CA61 - Chapter 6 Enhancing Performance with Pipelining 1 General Concept of Pipelining Example Registration Process Course Approval Cashier

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Unformatted text preview: Chapter 6 Enhancing Performance with Pipelining 1 General Concept of Pipelining Example: Registration Process Course Approval Cashier Registrar ID Photo Pickup selection 5 min 30 min 2 General Concept of Pipelining Example: Registration Process Course Approval Cashier Registrar ID Photo Pickup selection 5 min After the initial 30 mins, one student can finish registeration every 5 mins. 3 The Five Stages of Load Cycle Instruction 1 Cycle 2 Cycle 3 Cycle 4 Cycle 5 lw IFetch Dec Exec Mem WB • • • • • WB: Write the result data into the register file IFetch: Instruction Fetch and Update PC Dec: Registers Fetch and Instruction Decode Exec: Execute R­type; calculate memory address Mem: Read/write the data from/to the Data Memory 4 Pipelined MIPS Processor • Start the next instruction while still working on the current one – improves throughput or bandwidth ­ total amount of work done in a given time (average instructions per second or per clock) – instruction latency is not reduced (time from the start of an instruction to its completion) Cycle 1 Cycle 2 Cycle 3 Cycle 4 Cycle 5 Cycle 6 Cycle 7 Cycle 8 lw sw R-type IFetch Dec Exec Mem Exec WB Mem Exec WB Mem WB 5 IFetch Dec IFetch Dec Pipelined MIPS Processor (cont.) • pipeline clock cycle (pipeline stage time) is limited by the slowest stage • for some instructions, some stages are wasted cycles Cycle 1 Cycle 2 Cycle 3 Cycle 4 Cycle 5 Cycle 6 Cycle 7 Cycle 8 lw sw R-type IFetch Dec Exec Mem Exec WB Mem Exec WB Mem WB IFetch Dec IFetch Dec 6 Single Cycle, Multiple Cycle, vs. Single Cycle Implementation: Pipeline Cycle 1 Cycle 2 Clk Load Multiple Cycle Implementation: Cycle 1 Cycle 2 Cycle 3 Cycle 4 Cycle 5 Cycle 6 Cycle 7 Cycle 8 Cycle 9Cycle 10 Clk lw IFetch Dec Exec Mem WB sw IFetch Dec Exec Mem R-type IFetch Store Waste Pipeline Implementation: lw IFetch sw Dec IFetch Exec Dec Mem Exec Dec WB Mem Exec WB Mem WB “wasted” cycles R-type IFetch 7 Multiple Cycle v. Pipeline, Bandwidth v. Multiple Cycle Implementation: Latency Cycle 1 Cycle 2 Cycle 3 Cycle 4 Cycle 5 Cycle 6 Cycle 7 Cycle 8 Cycle 9Cycle 10 Clk lw IFetch Dec Exec Mem WB sw IFetch Dec Exec Mem R-type IFetch Pipeline Implementation: lw IFetch sw Dec IFetch Exec Dec Mem Exec Dec WB Mem Exec WB Mem WB R-type IFetch • Latency per lw = 5 clock cycles for both • Bandwidth of lw is 1 per clock clock (IPC) for pipeline vs. 1/5 IPC for multicycle • Pipelining improves instruction bandwidth, not instruction latency 8 • What do we need to add/modify in the datapath? – registers between pipeline stages to isolate them IF:IFetch 1 0 MIPS Pipeline Datapath Modifications ID:Dec EX:Execute MEM: MemAccess WB: WriteBack Add 4 Shift left 2 Read Addr 1 Add Dec/Exec Read Address Write Addr Write Data File Read Data 2 0 1 ALU Address Write Data Read Data Mem/WB PC D Read Addr 2 ata 1 Exec/Mem Instruction Memory IFetch/Dec Register Read Data Memory 1 0 16 Sign Extend 32 System Clock 9 Graphically Representing MIPS Pipeline ALU IM Reg DM Reg • Can help with answering questions like: – how many cycles does it take to execute this code? – what is the ALU doing during cycle 4? – is there a hazard, why does it occur, and how can it be fixed? 10 10 Pipeline for Throughput! ALU Time (clock cycles) I n s t r. O r d e r Inst 0 Inst 1 Inst 2 Inst 3 Inst 4 IM Reg DM Reg IM Reg DM Reg Once the pipeline is full, one instruction is completed every cycle Reg ALU Reg IM ALU IM DM ALU Reg Reg DM Reg ALU IM DM Reg Time to fill the pipeline 11 11 Pipeline • structural hazards: attempt to use the same resource by Hazards two different instructions at the same time • data hazards: attempt to use data before it is ready two different instructions at the same time – instruction source operands are produced by a prior instruction still in the pipeline – load instruction followed immediately by an ALU instruction that uses the load operand as a source value • control hazards: attempt to make a decision before • Can always resolve hazards by waiting condition has been evaluated – branch instructions – pipeline control must detect the hazard – take action (or delay action) to resolve hazards 12 12 A Single Memory Would Be a Structural Time (clock cycles) Hazard I n s t r. O r d e r lw Inst 1 Inst 2 Inst 3 Inst 4 Mem Reg Mem Reg Reading data from memory Reg ALU Reg Mem ALU Mem Mem ALU Reg Mem Reg Mem Reg ALU Mem Mem Reg ALU Reading instruction from memory Reg Mem Reg 13 13 How About Register File Time (clock cycles) Access? ALU I n s t r. O r d e r add r1, Inst 1 Inst 2 IM Reg DM Reg ALU IM Reg DM Reg ALU IM Reg DM Reg ALU add r2,r1, Inst 4 IM Reg DM Reg ALU IM Reg DM Reg Potential read before write data hazard 14 14 How About Register File Time (clock cycles) Access? I n s t r. O r d e r add r1, Inst 1 Inst 2 IM Reg DM Reg IM Reg DM Reg Can fix register file access hazard by doing reads in the second half of the cycle and writes in the first half. Reg IM ALU Reg ALU ALU DM ALU add r2,r1, Inst 4 IM Reg DM Reg ALU IM Reg DM Reg Potential read before write data hazard 15 15 Register Usage Can Cause Data Hazards • Dependencies backward in time cause hazards ALU I n s t r. O r d e r add r1,r2,r3 sub r4,r1,r5 and r6,r1,r7 or r8, r1, r9 xor r4,r1,r5 IM Reg DM Reg ALU IM Reg DM Reg ALU IM Reg DM Reg ALU IM Reg DM Reg ALU IM Reg DM Reg Which are read before write data hazards? 16 16 Register Usage Can Cause Data • Dependencies backward in time Hazards cause hazards IM ALU I n s t r. O r d e r add r1,r2,r3 sub r4,r1,r5 and r6,r1,r7 or r8, r1, r9 xor r4,r1,r5 Reg DM Reg ALU IM Reg DM Reg ALU IM Reg DM Reg ALU IM Reg DM Reg ALU IM Reg DM Reg Read before write data hazards 17 17 1 0 IF/ID Add 4 Cause control hazards ID/EX EX/MEM Shift left 2 Add MEM/WB Instruction Memory Read Address PC Read Addr 1 D Read Addr 2 ata 1 Write Addr Write Data Register Read File ALU Data Memory Address Write Data Read Data 2 0 1 Read Data 1 0 16 Sign Extend 32 Cause data hazards 18 18 Loads Can Cause Data • Dependencies backward in time Hazards cause hazards IM ALU I n s t r. O r d e r lw r1,100(r2) sub r4,r1,r5 and r6,r1,r7 or r8, r1, r9 xor r4,r1,r5 Reg DM Reg ALU IM Reg DM Reg ALU IM Reg DM Reg ALU IM Reg DM Reg ALU IM Reg DM Reg Load-use data hazard 19 19 One Way to “Fix” a Data Hazard ALU I n s t r. O r d e r add r1,r2,r3 stall stall IM Reg DM Reg Can fix data hazard by waiting – stall – but affects throughput ALU sub r4,r1,r5 and r6,r1,r7 IM Reg DM Reg ALU IM Reg DM Reg 20 20 Another Way to “Fix” a Data Hazard ALU I n s t r. O r d e r add r1,r2,r3 IM Reg DM Reg sub r4,r1,r5 and r6,r1,r7 or r8, r1, r9 xor r4,r1,r5 IM Reg DM Reg Can fix data hazard by forwarding results as soon as they are available to where they are needed. Reg ALU Reg IM ALU IM DM ALU Reg Reg DM Reg ALU IM DM Reg 21 21 Another Way to “Fix” a Data Hazard ALU I n s t r. O r d e r add r1,r2,r3 IM Reg DM Reg sub r4,r1,r5 and r6,r1,r7 or r8, r1, r9 xor r4,r1,r5 IM Reg DM Reg Can fix data hazard by forwarding results as soon as they are available to where they are needed. Reg ALU Reg IM ALU IM DM ALU Reg Reg DM Reg ALU IM DM Reg Data forwarding is also called bypassing – it allow results to bypass the register file 22 22 Forwarding with Load­use Data Hazards ALU I n s t r. O r d e r lw r1,100(r2) IM Reg DM Reg ALU sub r4,r1,r5 and r6,r1,r7 or r8, r1, r9 xor r4,r1,r5 IM Reg DM Reg ALU IM Reg DM Reg ALU IM Reg DM Reg ALU IM Reg DM Reg • Will still need one stall cycle even with forwarding 23 23 Pipelined Control • No separate write signal for PC and pipelined • registers (IF/ID, ID/EX, EX/MEM, MEM/WB) since are written during each clock cycle. Control lines can be divided into 5 groups according to the respective pipe stage. – – – – – IF: IMread, PCwrite always on ID: regs always read, no special controls needed EX: Regdst, ALUop, ALUsrc, immed. MEM: branch, MemRead, MemWR WB: MemtoReg, RegWR 24 24 Control Lines for the Last Three Stages WB instruction Control M EX WB M WB IF/ID ID/EX EX/MEM MEM/WB 25 25 • All control signals can be determined during Decode 1 0 IF/ID Add 4 Shift left 2 Add ID/EX EX/MEM Pipeline Control Path Modifications – and held in the state registers between pipeline stages Control MEM/WB Instruction Memory Read Address PC Read Addr 1 D Read Addr 2 ata 1 Write Addr Write Data Register Read File ALU Data Memory Address Write Data Read Data 2 0 1 Read Data 1 0 16 Sign Extend 32 26 26 Data hazard reductions • Hardware • Software Data forwarding/Bypassing Out­of­order instruction issuing Value prediction Combining Instruction scheduling Transformations to allow more effective scheduling 27 27 Instruction Scheduling A=B+E; C=B+F; 1 2 3 4 5 6 7 lw $t1, 0($sp); load B lw $t2, 4($sp); load E add $t3,$t1,$t2; A=B+E sw $t3,12($sp); store A lw $t4, 8($sp); load F add $t5,$t1,$t4; C=B+F sw $t5,16($sp); store C 28 28 Instruction Scheduling A=B+E; C=B+F; 1 2 3 4 5 6 7 lw $t1, 0($sp); load B lw $t2, 4($sp); load E add $t3,$t1,$t2; A=B+E sw $t3,12($sp); store A lw $t4, 8($sp); load F add $t5,$t1,$t4; C=B+F sw $t5,16($sp); store C lw lw lw add sw add sw $t1, 0($sp); load B $t2, 4($sp); load E $t4, 8($sp); load F $t3,$t1,$t2; A=B+E $t3,12($sp); store A $t5,$t1,$t4; C=B+F $t5,16($sp); store C 29 29 Data Dependence Graph A=B+E; C=B+F; 1 2 3 4 5 6 7 lw $t1, 0($sp); load B lw $t2, 4($sp); load E add $t3,$t1,$t2; A=B+E sw $t3,12($sp); store A lw $t4, 8($sp); load F add $t5,$t1,$t4; C=B+F sw $t5,16($sp); store C 1 3 4 Any topological sort order is a valid schedule. e.g. 1235647 1253647 1256374 …. 30 30 2 6 7 5 Transformations for more effective scheduling • • • • • Loop unrolling Software pipelining Trace formation Superblock formation Loop transformations – Loop fusion • Procedure inlining 31 31 Loop Unrolling For (i=1; i<n; i++) { a[i] = a[i] + b[i]; } For (i=1; i<n; i+=2) { a[i] = a[i] + b[i]; a[i+1] = a[i+1] + b[i+1]; ld a Dependence Graph ld a add st a ld b add st a ld a1 ld b1 add st a1 32 32 ld b } Software Pipelining For (i=1; i<n; i++) { a[i] = a[i] + b[i]; } x=a[1]; y=b[1]; For (i=2; i<n; i++) { a[i­1] = x+y; x=a[i]; y=b[i]; Dependence Graph ld a add st a ld b add st a ld ai ld bi } 33 33 • Any data dependence that goes backwards in time – EX stage generating R­type ALU results or effective address calculation Data Forwarding (aka Bypassing) • Forward by taking the inputs to the ALU from any pipeline register rather than just ID/EX by – adding multiplexors to the inputs of the ALU so can pass Rd back to either (or both) of the EX’s stage Rs and Rt ALU inputs 00: normal input (ID/EX pipeline registers) 10: forward from previous instr (EX/MEM pipeline registers) 01: forward from instr 2 back (MEM/WB pipeline registers) – MEM stage generating lw results – adding the proper control hardware 34 34 Data Forwarding Control Conditions 1. EX/MEM hazard: if (EX/MEM.RegisterRd == ID/EX.RegisterRs)) Forwards the result from the ForwardA = 10 RegisterRd” is number of register to be written previous instr. – “RegisterRd” is number of register to be written (RD or RT) RegisterRs” is number of RS register – “RegisterRs” is number of RS register RegisterRt” is number of RT register – “RegisterRt” is number of RT register ForwardA, – “ForwardA, ForwardB” controls forwarding muxes controls forwarding muxes if (EX/MEM.RegisterRd = ID/EX.RegisterRt)) ForwardB = 10 Forwards the result from the 1. MEM/WB hazard: if (MEM/WB.RegisterRd == ID/EX.RegisterRs)) second previous instr. ForwardA = 01 if (MEM/WB.RegisterRd == ID/EX.RegisterRt)) ForwardB = 01 What’s wrong with this hazard control? 35 35 Data Forwarding Control Conditions (cont.) 1. EX/MEM hazard: if (EX/MEM.RegWrite Forwards the and (EX/MEM.RegisterRd == ID/EX.RegisterRs))result from the previous instr. ForwardA = 10 provided it if (EX/MEM.RegWrite writes. and (EX/MEM.RegisterRd == ID/EX.RegisterRt)) ForwardB = 10 1. MEM/WB hazard: if (MEM/WB.RegWrite if (MEM/WB.RegWrite and (MEM/WB.RegisterRd == ID/EX.RegisterRs)) ForwardA = 01 and (MEM/WB.RegisterRd == ID/EX.RegisterRt)) ForwardB = 01 36 36 Another Another potential data hazard can occur when •Complication there is a conflict between the result of the WB stage instruction and the MEM stage instruction – which should be forwarded? ALU I n s t r. O r d e r add $1,$1,$2 add $1,$1,$3 add $1,$1,$4 IM Reg DM Reg ALU IM Reg DM Reg ALU IM Reg DM Reg 37 37 Corrected Data Forwarding Control Conditions 1. MEM/WB hazard: if (MEM/WB.RegWrite and (MEM/WB.RegisterRd == ID/EX.RegisterRs) and (EX/MEM.RegisterRd != ID/EX.RegisterRs and || ~ EX/MEM.RegWrite)) || ForwardA = 01 if (MEM/WB.RegWrite and (MEM/WB.RegisterRd == ID/EX.RegisterRt) and (EX/MEM.RegisterRd != ID/EX.RegisterRt and || ~ EX/MEM.RegWrite))) || ForwardB = 01 38 38 Datapath with Forwarding Hardware PCSrc 1 0 ID/EX IF/ID Add EX/MEM Control Branch MEM/WB 4 Shift left 2 Add Instruction Memory Read Address PC Read Addr 1 D Read Addr 2 ata 1 Write Addr Write Data 16 Sign Extend Register Read File ALU Data Memory Address Read Data 2 32 1 0 Read Data 1 0 Write Data ALU cntrl 0 1 Forward Unit 39 39 Datapath with Forwarding Hardware PCSrc 1 0 ID/EX IF/ID Add EX/MEM Control Branch MEM/WB 4 Shift left 2 Add Instruction Memory Read Address PC Read Addr 1 D Read Addr 2 ata 1 Write Addr Write Data 16 Sign Extend Register Read File ALU Data Memory Address Read Data 2 32 1 0 Read Data 1 0 Write Data ALU cntrl 0 IF/ID.RegisterRs IF/ID.RegisterRt 1 EX/MEM.RegisterRd Forward Unit MEM/WB.RegisterRd 40 40 Datapath with Forwarding Hardware PCSrc 1 0 Control IF/ID Add 4 Shift left 2 Add Branch MEM/WB ID/EX EX/MEM Instruction Memory Read Address PC Read Addr 1 D Read Addr 2 ata 1 Write Addr Write Data 16 Sign Extend Register Read File ALU Data Memory Address Read Data 2 32 1 0 Read Data 1 0 Write Data ALU cntrl EX/MEM.RegisterRd MEM/WB.RegisterRd 0 IF/ID.RegisterRs IF/ID.RegisterRt 1 Forward Unit 41 41 Branch Instructions Cause Control • Dependencies backward in time Hazards cause hazards IM ALU I n s t r. O r d e r beq lw Inst 3 Inst 4 Reg DM Reg ALU IM Reg DM Reg ALU IM Reg DM Reg ALU IM Reg DM Reg 42 42 I n s t r. O r d e r One Way to “Fix” a Control Hazard ALU beq IM Reg DM Reg stall stall stall ALU Can fix branch hazard by waiting – stall – but affects throughput lw Inst 3 IM Reg DM Reg ALU IM Reg DM 43 43 Cost of Stalling on each Branch Inst. • Assume 13% of branches pay 3 stall cycles for every branch. 3x0.13=0.39, that is 39% of overhead cost could be higher for deeper pipeline Q: do we need to stall on jumps? 44 44 Jumps Incurs One Jumps not decoded until ID, so one stall is needed •Stall ALU I n s t r. O r d e r J stall IM Reg DM Reg ALU lw and IM Reg DM Reg ALU IM Reg DM Reg • Jumps are infrequent – only 2% of the SPECint instruction mix 45 45 Reducing the delay of Branches • We have assumed the next PC is selected in the MEM • stage. MIPS branch instruction is designed for smaller branch delays – Simple tests (e.g. equal, or sign) do not require a full ALU operation – More complex branches are just pseudo instructions Moving branch decision up requires two actions – Computing target address in ID stage – Branch decision evaluation in ID stage This complicates data forwarding and hazard detection !! 46 46 • Reduced Branch delay I n s t r. O r d e r ALU beq IM Reg DM Reg stall lw Always compute target address at this stage ALU IM Reg DM Reg ALU Inst 3 Evaluate EQ test and select new PC IM Reg DM Reg 47 47 Control hazard reductions • Hardware Branch prediction Static Dynamic • Software Branch elimination Code duplication Loop unrolling/peeling If­conversion 48 48 Branch Prediction Two outcomes to predict • Whether: taken or not Static: predict not taken backward taken, forward not taken prediction bit register convention Dynamic: 2­bit saturation counters, 2­level predictions • Where: target address JR is a problem, but a return stack can make return branches preditable. 49 49 Simple Branch Prediction Predict not taken: for many applications, taken branches outnumber untaken branches performance loss too high if pipeline is deeper or combined with superscalar implementations Predict backward taken, forward fall­thru integer codes often have loops iterate a small number of times. some forward branches may take programmer/compiler can make this scheme more effective. 50 50 Simple Branch Prediction (cont.) Predict not taken: for many applications, taken branches outnumber untaken branches performance loss too high if pipeline is deeper or combined with superscalar implementations Predict backward taken, forward fall­thru integer codes often have loops iterate a small number of times. some forward branches may take programmer/compiler can make this scheme more effective. 51 51 Simple Branch Prediction (cont.) Predict not taken: for many applications, taken branches If (x>y) then { A } Test: else { B } outnumber untaken branches performance loss too high if pipeline is deeper Is A or B the fall­thru block? or combined with superscalar implementations Predict backward taken, forward fall­thru integer codes often have loops iterate a small number of times. some forward branches may take Compiler reverses the condition to programmer/compiler can make this scheme more effective. make A the fall­thru block !! So, put the most likely executed code in the THEN block 52 52 Static Branch Prediction Static prediction bit Assume there is a bit in the branch instruction to hint on the branch direction Compiler can use this bit to communicate the most likely branch direction Compiler may take user directives, but few users like to provide such directives. Compiler static prediction: Profile based – this has been shown to be effective Heuristic based – interesting, but less accurate 53 53 Static Branch Prediction (cont.) Heuristic based static prediction Opcode based: programmers often use negative numbers for Loop based: loop back branches are predicted taken loop header branch not taken Call based: many conditional calls are used to handle exceptions, so predict not taken. true, … etc. error conditions, so bltz and blez are predicted not taken, bgtz and bgez are predicted taken. Pointer based: (p!= NULL) predict true, (p==q) predict not 54 54 Static Branch Prediction (cont.) What if no predict bit available? branch prediction. HP PA uses register convention to guide If the register number of the 1st operand is small than the 2nd , normal prediction (backward taken, forward not taken) is used. If the register number of the 1st is greater, reverse prediction (backward not taken, forward taken) is used. COMPB, gt, $R1,$R2 COMPB, ltz, $R2,$R1 is the same as 55 55 Dynamic Branch Prediction Keeps the branch history and branch target address for each branch, such as the following branch prediction buffer that combines whether and where information for prediction: Address Tag 01000100 01000150 … … Target Address 00100100 001001A0 …. … History 101111 000000 … …. 56 56 Dynamic Branch Prediction (cont.) Branch prediction table: assume the target address can be computed early in the pipeline, and forget about indirect branches, so the column of target address can be taken out. A branch prediction buffer becomes a simpler branch history table: Address tag 01000100 01000150 History 101111 00000 … 57 57 Dynamic Branch Prediction (cont.) Branch prediction table: We may skip the address tag, and use the lower address bits to index to the prediction table. Since multiple branch instructions may map to the same entry, aliasing does exist. However, branch prediction is just a hint, aliasing only impacts performance, not correct execution. History 101111 00000 …. …. 58 58 Dynamic Branch Prediction (cont.) Branch prediction table: The history can be as short as one outcome only. So the history table is only an one­bit array. If the last branch outcome is taken (1), predict it to take. If the last outcome is not taken (0), predict not to take. History 1 0 0 1 59 59 Dynamic Branch Prediction (cont.) Single bit prediction has a performance shortcoming Consider the following loop: for (i=0; i<9; i++) The loop back branch will be taken 9 times, but the prediction accuracy is only 80%. History Prediction Mispredic t 0 1 1 T 1 T 1 T 1 T 1 T 1 T 1 T 1 T X 0 N X 1 T 1 T NT X 60 60 Dynamic Branch Prediction (cont.) In practice, 2­bit prediction scheme is often used In a 2­bit scheme, a prediction must be wrong twice before it is changed. T Predict Taken T N T N Predict Taken N Predict Not Taken Predict Not Taken N 61 61 • Assume the same cycle time per unit as in previous • example for the multicycle datapath. For pipelined execution, assume the following: – 50% of loads are followed by an instruction immediately uses the result. – Branch misprediction costs 1 cycle – 25% of branches are mispredicted – Jumps always take 2 cycles. Performance Comparison Multicycle vs. Pipelined 62 62 CPI Comparison Using Specint2000 instruction mix. cycle note s 5 * 4 3 3 4 63 63 Load Store jump ALU 25% 10% 2% 52% branch 11% ** *** *50% loads followed by immediate use, ** 25% misprediction, 1 cycle delay *** jump takes 2 cycles CPI Comparison Using Specint2000 instruction mix. cycle note s 5 * 4 3 3 4 64 64 0.25*5+ 0.10*4+0.11*3+ 0.02*3+0.52*4 = 4.12 0.25*1.5+ 0.10*1+ 0.11*1.25+0.02*2+ 0.52*1 = 1.17 Load Store jump ALU 25% 10% 2% 52% branch 11% ** *** *50% loads followed by immediate use, ** 25% misprediction, 1 cycle delay *** jump takes 2 cycles Advanced Pipelining • Pipelining exploits the potential parallelism Instruction Level Parallelism (ILP) among instructions. This parallelism is called • Two methods to increase ILP: Superpipelining Increase the depth of the pipeline Multiple Issue Replicate function units so that multiple instructions can be issued. Static multiple issue (e.g. VLIW) Dynamic multiple issue (e.g. Superscalar) 65 65 Advanced Pipelining • Pipelining exploits the potential parallelism Instruction Level Parallelism (ILP) among instructions. This parallelism is called Reduce cycle time Increase IPC • Two methods to increase ILP: Superpipelining Increase the depth of the pipeline Multiple Issue Replicate function units so that multiple instructions can be issued. Static multiple issue (e.g. VLIW) Dynamic multiple issue (e.g. Superscalar) 66 66 • One of the most important methods for finding • and exploiting ILP is Speculation. Allows the execution to exploit statistical ILP (e.g. the branch is taken 90% of time, or Speculatio n One of the most important methods for finding • Two forms of speculation: Control speculation Data Speculation the address of pointer P is 99% of time different from the address of pointer q) 67 67 Control Example •Speculation If (cond) { A=p[i]­>b; } lw add lw sw beq lw add beq $r1, 0($r2) $r3, $r1,$r4 $r5,4($r3) $r5,4($sp) … $r6,… $r3, $r6… … In this block, there is no room to schedule the load !! Why not moving the load instruction into the previous block? 68 68 Control Example •Speculation If (cond) { A=p[i]­>b; } lw add lw sw beq lw add beq $r1, 0($r2) $r3, $r1,$r4 $r5,4($r3) $r5,4($sp) … $r6,… $r3, $r6… … ) Is the cond most likely to be true? profile feedback may guide the optimization ) What if the address of p is bad, and cause memory fault? can we have a special load instruction that ignores memory faults? 69 69 Control Example •Speculation If (cond) { A=p[i]­>b; } lw add lw sw beq lw add beq $r1, 0($r2) $r3, $r1,$r4 $r5,4($r3) $r5,4($sp) … $r6,… $r3, $r6… … hat if the address of p is bad, and cause memory fault? can we have a special load instruction that ignores memory faults? ut what if the real load of p cause a memory fault? e cannot just ignore it!! 70 70 Data Example •Speculation { *p = a; b= *q + 1; } lw sw lw addi sw $r3,4($sp) $r3, 0($r1) $r5,0($r2) $r6,$r5,1 $r6,8($sp) In this block, there is no room to schedule the load !! How can we move the load instruction ahead of the store? $r2 and $r1 may be different most of the time 71 71 Data Speculation Example •(cont.) { *p = a; b= *q + 1; } lw $r3,4($sp) lw $r5,0($r2) sw $r3, 0($r1) If (r1==r2) copy $r5,$r3 addi $r6,$r5,1 sw $r6,8($sp) What if there are m loads moving above n stores? m x n comparisons must be generated !! 72 72 Instruction Encoding in Itanium I nst r uct ion 2 41 bit s I nst r uct ion 1 41 bit s I nst r uct ion 0 41 bit s Tempplat e 5 bit s Each instruction is 41 bits long, with 5 bits template to help decoding and routing instructions. •The template can also mark the end of groups of instructions that can execute in parallel •In Itanium­I and Itanium­II (McKinley), the processor can handle two bundles (i.e. 6 instructions) per clock cycle. 73 73 •A bundle is 128 bits, which has room for 3 instructions. Compiler Directed Speculation dependency •Removes latency of operation from the critical path •Helps hide long latency memory operations •Two type of speculation: Control Speculation, which is the execution of an •Allows compiler to issue operation early before a operation before the branch which guards it DataSpeculation, which is the execution of a memory load prior to a preceding store which may alias with it 74 74 Speculat ion Examples contr ol speculation or iginal: (p1) br.cond ld8 r1 = [ r2 ] tr ansfor med: ld8.s r1 = [ r2 ] ... (p1) br.cond ... chk.s r1,recovery data speculation or iginal: st4 [ r3 ] = r7 ld8 r1 = [ r2 ] t r ansfor med: ld8.a r1 = [r2] ... st4 [r3] = r7 ... chk.a r1,recovery 75 75 Predication in Itanium •Allows instructions to be conditionally executed •Predicate register operand controls execution •Removes branches and associated mispredict penalties •Creates larger basic blocks and simplifies compiler bne $r1,$r2, NT addi $r1,$r2,4 lw $r7,8($r8) cmp.eq p1,p2 = r1,r2 ;; (p1) add r1 = r2, 4 (p2) ld8 r7 = [r8], 8 optimizations NT: If p1 is true, the add is performed, else it acts as a nop If p2 is true, the ld8 is performed, else it acts as a nop 76 76 Speculation in Superscalar OOO Processors lw add Beq lw add lw sw Bne lw $r6,… $r3, $r6… … $r1, 0($r2) $r3, $r1,$r4 $r5,4($r3) $r5,4($sp) … $r7,0($r8) lw add Beq lw add lw sw Bne lw $r6,… $r3, $r6… … $r1, 0($r2) $r3, $r1,$r4 $r5,4($r3) $r5,4($sp) … $r7,0($r8) lw add Beq lw add lw sw Bne lw $r6,… $r3, $r6… … $r1, 0($r2) $r3, $r1,$r4 $r5,4($r3) $r5,4($sp) … $r7,0($r8) Re­order queue Cycle 1 Cycle 2 Load executed before the branch instruction 77 77 Speculation in Superscalar OOO Processors lw add Beq lw add lw sw Bne lw $r6,… $r3, $r6… … $r1, 0($r2) $r3, $r1,$r4 $r5,4($r3) $r5,4($sp) … $r7,0($r8) lw add Beq lw add lw sw Bne lw $r6,… $r3, $r6… … $r1, 0($r2) $r3, $r1,$r4 $r5,4($r3) $r5,4($sp) … $r7,0($r8) Load executed before the store instruction is complete. Cycle 3 Cycle 4 78 78 Summar •yAll modern day processors use pipelining • Pipelining doesn’t help latency of single task, it helps throughput of entire workload – Multiple tasks operating simultaneously using different resources Potential speedup = Number of pipe stages Pipeline rate limited by slowest pipeline stage – Unbalanced lengths of pipe stages reduces speedup – Time to “fill” pipeline and time to “drain” it reduces speedup Must detect and resolve hazards Hazard reduction techniques (HW & SW) • • • • 79 79 ...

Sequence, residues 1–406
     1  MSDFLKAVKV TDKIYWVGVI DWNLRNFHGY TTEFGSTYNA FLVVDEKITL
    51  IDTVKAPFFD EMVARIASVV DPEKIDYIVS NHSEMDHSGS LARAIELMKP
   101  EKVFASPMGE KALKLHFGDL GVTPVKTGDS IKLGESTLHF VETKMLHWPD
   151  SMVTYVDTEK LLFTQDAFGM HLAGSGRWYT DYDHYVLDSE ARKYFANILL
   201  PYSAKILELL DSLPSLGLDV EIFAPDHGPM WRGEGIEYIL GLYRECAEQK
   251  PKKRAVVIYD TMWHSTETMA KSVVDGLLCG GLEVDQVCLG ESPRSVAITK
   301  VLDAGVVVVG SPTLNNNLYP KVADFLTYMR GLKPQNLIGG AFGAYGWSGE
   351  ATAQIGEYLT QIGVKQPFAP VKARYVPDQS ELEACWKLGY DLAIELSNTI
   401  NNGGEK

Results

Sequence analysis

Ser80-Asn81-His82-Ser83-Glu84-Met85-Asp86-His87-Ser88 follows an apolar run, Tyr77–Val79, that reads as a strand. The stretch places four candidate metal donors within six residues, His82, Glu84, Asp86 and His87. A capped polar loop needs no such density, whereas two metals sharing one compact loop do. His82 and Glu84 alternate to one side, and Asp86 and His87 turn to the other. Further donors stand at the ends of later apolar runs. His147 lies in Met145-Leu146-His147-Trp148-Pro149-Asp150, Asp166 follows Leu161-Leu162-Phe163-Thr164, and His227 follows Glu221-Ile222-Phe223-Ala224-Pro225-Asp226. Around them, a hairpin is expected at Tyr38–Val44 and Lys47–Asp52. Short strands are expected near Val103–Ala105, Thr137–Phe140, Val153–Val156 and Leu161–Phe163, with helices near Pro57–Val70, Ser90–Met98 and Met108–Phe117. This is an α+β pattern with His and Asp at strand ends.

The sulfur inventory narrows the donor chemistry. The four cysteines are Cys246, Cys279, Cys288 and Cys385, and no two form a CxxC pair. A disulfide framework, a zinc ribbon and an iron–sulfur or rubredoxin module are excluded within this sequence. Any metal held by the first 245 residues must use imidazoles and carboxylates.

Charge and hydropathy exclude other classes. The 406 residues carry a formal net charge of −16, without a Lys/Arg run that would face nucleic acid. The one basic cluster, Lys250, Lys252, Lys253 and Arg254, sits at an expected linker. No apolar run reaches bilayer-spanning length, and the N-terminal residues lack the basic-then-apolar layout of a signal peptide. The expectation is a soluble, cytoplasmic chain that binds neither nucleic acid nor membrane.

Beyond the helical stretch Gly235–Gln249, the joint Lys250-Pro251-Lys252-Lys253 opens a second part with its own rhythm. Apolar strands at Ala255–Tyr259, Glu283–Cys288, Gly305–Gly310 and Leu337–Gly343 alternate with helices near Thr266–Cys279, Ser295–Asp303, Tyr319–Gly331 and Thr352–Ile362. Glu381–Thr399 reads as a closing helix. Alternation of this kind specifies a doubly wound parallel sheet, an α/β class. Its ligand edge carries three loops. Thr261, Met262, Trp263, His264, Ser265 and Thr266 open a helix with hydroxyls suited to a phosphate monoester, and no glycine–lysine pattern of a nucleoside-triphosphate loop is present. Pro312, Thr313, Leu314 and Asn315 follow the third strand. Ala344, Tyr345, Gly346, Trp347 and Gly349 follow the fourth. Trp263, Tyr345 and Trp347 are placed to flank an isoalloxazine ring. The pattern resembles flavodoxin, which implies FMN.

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This note was uploaded on 01/26/2011 for the course CSCI 4203 taught by Professor Weichunghsu during the Fall '05 term at Minnesota.